This is a very similar process to the naming of new species. If a scientist spots several bald eagles, he or she can simply put a name on the species — the ‘bald eagle’ — who are grouped by similar characteristics: a wingspan of 6–7 feet, a dark brown tail, a white tail, a white head, bright yellow eyes. This is despite him or her not knowing what a ‘bald eagle’ exactly was beforehand.
We don’t need to put names on concepts to recognize them; names are arbitrary and are just a quick way to access an idea. Similarly, we can classify these abstract shapes by any name we please, as long as the names are indicative of a broader concept (in this case, two squares for ‘Zonkizonk’ and three squares for ‘Bonkibonk’).
Zero-shot learning is an effort to bring this human capability of recognizing previously unseen concepts to machines. Clearly, this is a crucial step towards real artificial intelligence and building algorithms that think more like humans, but it’s also very practical in problems where there are too many classes, or where data is limited or expensive to obtain.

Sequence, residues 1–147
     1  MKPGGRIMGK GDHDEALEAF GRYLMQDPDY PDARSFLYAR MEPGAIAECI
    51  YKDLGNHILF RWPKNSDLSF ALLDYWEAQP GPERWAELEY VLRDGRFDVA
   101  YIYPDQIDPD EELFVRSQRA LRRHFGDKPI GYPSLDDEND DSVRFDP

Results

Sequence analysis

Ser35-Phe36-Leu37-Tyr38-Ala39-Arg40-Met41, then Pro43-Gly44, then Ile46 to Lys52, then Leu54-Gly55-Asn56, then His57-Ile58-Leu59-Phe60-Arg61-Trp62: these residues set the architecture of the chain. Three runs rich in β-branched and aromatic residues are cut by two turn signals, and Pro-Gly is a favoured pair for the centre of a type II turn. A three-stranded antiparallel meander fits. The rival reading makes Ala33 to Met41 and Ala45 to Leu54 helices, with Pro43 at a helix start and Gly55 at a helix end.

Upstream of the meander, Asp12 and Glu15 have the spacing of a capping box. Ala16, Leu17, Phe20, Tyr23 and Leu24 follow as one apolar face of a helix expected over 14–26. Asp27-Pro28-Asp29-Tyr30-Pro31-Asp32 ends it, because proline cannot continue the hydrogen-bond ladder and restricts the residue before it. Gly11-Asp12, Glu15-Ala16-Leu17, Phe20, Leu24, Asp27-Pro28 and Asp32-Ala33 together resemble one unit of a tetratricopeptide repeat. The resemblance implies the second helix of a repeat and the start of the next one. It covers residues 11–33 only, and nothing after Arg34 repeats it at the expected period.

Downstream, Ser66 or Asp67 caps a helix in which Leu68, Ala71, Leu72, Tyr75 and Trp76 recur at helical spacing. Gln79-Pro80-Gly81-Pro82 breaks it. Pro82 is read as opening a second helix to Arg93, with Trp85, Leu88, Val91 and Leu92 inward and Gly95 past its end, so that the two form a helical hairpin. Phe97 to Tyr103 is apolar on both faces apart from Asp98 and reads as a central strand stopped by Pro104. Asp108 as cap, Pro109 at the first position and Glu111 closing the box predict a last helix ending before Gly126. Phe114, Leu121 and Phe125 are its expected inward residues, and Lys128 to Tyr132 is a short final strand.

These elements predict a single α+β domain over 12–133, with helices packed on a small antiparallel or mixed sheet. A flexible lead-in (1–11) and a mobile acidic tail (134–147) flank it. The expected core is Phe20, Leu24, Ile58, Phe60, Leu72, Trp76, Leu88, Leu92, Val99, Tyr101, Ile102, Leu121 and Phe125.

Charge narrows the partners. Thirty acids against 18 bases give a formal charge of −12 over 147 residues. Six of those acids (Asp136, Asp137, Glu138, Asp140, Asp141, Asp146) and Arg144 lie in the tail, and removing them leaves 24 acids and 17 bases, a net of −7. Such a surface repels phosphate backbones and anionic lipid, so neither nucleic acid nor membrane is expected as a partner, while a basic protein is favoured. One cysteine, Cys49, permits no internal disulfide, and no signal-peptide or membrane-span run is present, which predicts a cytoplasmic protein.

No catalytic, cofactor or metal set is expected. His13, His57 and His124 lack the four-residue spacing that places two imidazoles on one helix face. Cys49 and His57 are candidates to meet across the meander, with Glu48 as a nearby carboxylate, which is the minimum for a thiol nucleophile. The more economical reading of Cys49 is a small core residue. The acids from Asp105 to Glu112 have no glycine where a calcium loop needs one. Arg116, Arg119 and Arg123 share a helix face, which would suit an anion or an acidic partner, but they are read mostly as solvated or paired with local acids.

In a world where problems deep learning has yet to solve increasingly involve intricate and human-like cognition, zero-shot learning is an answer.
Similarly, one-shot or few-shot learning refers to the understanding of an entire class given only one or a few training examples from that class, like the two-headed Siamese network.
One simple but effective zero-shot learning method goes by “Embarrassingly Simple Zero-Shot Learning” (ESZSL), which uses matrix factorization and unsupervised learning in creative ways to produce a model that yields surprisingly good results. Understanding it gives an intuitive look into the dynamics of many other zero-shot learning techniques.
ESZSL yields over 65% accuracy on the SUN dataset, which consists of tens of thousands of objects, for classes it has never seen during training. View the paper for an in-depth summary of the method’s results on synthetic and real-data datasets.